Volume 18 - Issue 3
‘All our gods have failed’By Christopher J.H. Wright
‘All our gods have failed’. These poignant words come at the end of an editorial in a British newspaper, The Sunday Independent, commenting on the mood of acute moral self-examination and despair that has gripped the nation in the wake of the abduction and murder of a two-year old boy in Liverpool. Children have been murdered before. What makes this case so horrifying is that the child was led away almost from his mother’s side in a busy shopping centre in broad daylight, the event was captured on a security video, and those arrested and charged with the crime are two ten-year old children. The tragedy has thrown up a barrage of questions about the social malaise which allows such things to happen. The most profoundly disturbing symptom is the alienation and violence of growing sections of the nation’s youth, and the apparent inability of the police, judiciary and social services to stem the tide of criminality which has now infected even the pre-teenage years.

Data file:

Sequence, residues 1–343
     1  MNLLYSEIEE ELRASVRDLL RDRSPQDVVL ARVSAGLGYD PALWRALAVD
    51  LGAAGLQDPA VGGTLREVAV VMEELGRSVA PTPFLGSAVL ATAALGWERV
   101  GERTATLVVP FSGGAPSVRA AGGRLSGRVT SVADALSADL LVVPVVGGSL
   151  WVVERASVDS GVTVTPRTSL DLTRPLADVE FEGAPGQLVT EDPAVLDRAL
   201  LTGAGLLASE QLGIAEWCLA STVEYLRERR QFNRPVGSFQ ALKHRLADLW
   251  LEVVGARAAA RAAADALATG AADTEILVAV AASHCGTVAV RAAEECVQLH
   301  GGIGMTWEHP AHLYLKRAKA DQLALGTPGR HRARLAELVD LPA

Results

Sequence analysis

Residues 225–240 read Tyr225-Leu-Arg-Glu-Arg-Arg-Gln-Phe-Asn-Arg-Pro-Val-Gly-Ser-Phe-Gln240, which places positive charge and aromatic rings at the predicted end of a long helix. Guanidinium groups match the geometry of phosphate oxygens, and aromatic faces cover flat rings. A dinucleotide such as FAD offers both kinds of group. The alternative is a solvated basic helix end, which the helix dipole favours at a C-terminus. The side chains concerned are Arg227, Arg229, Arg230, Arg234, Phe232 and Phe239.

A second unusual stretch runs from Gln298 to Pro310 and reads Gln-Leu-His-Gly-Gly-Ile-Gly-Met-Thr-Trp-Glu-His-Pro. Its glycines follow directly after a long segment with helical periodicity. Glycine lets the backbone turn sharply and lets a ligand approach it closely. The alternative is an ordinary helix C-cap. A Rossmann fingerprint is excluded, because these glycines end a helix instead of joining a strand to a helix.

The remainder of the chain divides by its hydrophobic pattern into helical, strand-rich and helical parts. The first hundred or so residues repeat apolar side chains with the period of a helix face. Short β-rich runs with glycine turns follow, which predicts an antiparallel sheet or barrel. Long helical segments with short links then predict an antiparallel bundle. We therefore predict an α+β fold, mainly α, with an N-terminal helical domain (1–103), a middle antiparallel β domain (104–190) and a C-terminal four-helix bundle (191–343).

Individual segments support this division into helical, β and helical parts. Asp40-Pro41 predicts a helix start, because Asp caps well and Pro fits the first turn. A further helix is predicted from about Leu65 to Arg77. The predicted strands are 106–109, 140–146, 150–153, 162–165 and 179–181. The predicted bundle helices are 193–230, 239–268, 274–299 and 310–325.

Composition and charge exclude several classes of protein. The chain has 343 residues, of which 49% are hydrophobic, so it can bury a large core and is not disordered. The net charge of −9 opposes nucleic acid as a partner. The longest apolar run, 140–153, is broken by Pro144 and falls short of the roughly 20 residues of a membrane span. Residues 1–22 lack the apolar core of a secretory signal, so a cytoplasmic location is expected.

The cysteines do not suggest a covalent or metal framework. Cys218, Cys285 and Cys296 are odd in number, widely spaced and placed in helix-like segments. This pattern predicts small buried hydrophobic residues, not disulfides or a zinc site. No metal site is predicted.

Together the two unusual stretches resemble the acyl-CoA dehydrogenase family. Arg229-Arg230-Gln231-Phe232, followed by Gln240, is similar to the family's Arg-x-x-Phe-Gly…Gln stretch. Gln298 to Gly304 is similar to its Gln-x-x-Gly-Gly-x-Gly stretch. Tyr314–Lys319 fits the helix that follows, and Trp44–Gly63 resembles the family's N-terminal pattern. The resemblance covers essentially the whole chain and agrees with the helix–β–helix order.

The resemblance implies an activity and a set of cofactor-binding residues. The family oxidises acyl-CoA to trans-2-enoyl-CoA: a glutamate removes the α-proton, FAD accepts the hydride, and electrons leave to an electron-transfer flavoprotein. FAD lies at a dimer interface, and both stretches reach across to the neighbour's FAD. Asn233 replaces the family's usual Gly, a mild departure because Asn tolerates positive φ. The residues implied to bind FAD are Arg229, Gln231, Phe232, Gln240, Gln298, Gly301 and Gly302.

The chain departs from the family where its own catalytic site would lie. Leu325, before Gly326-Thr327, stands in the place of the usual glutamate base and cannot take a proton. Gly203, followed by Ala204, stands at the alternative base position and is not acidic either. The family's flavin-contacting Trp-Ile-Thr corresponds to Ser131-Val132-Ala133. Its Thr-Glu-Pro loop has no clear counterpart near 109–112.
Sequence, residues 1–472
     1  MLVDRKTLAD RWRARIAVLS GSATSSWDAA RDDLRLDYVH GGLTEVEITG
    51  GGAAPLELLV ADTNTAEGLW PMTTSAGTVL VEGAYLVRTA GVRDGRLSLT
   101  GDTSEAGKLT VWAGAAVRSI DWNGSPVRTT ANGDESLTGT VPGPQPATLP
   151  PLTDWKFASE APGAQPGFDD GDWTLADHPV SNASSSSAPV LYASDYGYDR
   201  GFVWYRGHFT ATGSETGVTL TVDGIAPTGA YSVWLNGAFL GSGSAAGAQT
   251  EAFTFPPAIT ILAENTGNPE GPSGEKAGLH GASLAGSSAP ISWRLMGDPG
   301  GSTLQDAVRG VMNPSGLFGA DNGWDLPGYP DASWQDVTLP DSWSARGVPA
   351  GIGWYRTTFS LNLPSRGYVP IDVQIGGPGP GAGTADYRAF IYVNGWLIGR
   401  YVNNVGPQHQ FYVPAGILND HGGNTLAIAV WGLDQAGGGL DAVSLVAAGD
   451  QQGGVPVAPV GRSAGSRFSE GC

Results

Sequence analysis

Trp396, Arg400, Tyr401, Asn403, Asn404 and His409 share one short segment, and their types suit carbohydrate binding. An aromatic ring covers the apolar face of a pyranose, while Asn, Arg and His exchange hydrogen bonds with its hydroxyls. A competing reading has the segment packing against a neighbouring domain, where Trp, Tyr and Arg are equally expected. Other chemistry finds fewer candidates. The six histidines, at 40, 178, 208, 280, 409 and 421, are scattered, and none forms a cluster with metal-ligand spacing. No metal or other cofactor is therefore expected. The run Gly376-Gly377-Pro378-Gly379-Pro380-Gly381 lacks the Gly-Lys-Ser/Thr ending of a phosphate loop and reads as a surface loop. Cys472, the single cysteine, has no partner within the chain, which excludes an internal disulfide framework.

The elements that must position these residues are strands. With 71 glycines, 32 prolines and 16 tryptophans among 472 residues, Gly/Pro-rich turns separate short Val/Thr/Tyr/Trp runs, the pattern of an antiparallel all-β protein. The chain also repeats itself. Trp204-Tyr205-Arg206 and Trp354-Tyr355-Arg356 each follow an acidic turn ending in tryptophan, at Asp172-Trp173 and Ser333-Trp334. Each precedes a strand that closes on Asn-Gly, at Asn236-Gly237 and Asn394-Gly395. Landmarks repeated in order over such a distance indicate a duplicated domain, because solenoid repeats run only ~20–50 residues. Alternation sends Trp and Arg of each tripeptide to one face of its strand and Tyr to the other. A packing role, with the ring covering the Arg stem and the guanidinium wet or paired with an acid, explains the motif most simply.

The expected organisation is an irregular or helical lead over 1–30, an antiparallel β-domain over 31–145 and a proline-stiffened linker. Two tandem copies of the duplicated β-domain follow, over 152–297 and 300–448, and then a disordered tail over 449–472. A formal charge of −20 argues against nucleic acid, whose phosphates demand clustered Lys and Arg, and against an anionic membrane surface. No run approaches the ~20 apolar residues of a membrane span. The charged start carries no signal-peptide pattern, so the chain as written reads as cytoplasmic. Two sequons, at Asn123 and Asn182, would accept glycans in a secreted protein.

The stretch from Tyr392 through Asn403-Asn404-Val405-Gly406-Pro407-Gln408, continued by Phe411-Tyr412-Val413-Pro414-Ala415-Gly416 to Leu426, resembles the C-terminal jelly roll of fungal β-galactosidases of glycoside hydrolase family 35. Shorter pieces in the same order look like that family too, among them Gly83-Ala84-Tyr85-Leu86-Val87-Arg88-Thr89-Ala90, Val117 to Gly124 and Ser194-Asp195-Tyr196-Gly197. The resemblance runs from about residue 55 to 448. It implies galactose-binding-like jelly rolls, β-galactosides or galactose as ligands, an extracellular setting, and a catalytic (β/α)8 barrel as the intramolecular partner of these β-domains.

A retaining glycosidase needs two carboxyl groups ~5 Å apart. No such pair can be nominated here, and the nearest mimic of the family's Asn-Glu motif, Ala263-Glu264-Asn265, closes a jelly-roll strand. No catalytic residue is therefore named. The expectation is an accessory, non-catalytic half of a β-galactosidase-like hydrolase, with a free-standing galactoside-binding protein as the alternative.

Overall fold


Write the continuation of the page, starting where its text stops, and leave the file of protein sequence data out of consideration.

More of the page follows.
I trust our international readers will forgive this focusing on a British issue, but I think it illustrates a much wider problem in modern culture. The expression ‘moral vacuum’ has been tossed around in the media as an attempt to describe the apparent refusal of some sections of society to recognise, let alone live by, basic moral standards, and the apparent inability of the rest of society to inculcate or enforce them. The phrase is apt, but means more than the absence of morality. The whole point about a vacuum is that it does not just happen, for nature, as we all know, ‘abhors a vacuum’. Vacuums have to be created. You get a vacuum when you deliberately suck out the air inside an object. It has to be pumped out and sealed out. Western culture for the past 200 years has been systematically and deliberately sucking out the transcendent from its public heart and core. Os Guinness has pointed out that ‘glory’ in Hebrew literally means weight, substance, reality. So a society which excludes the glory of the living God becomes increasingly ‘weightless’. It becomes hollowed out, empty, drained of reality and meaning, first spiritually, then morally, and finally in every area of social and personal life (cf. Rom. 1:21–32). That’s the kind of vacuum Britain is discovering. Moral revulsion and national conscience send us to the larder of values, but when we get there the cupboard is bare.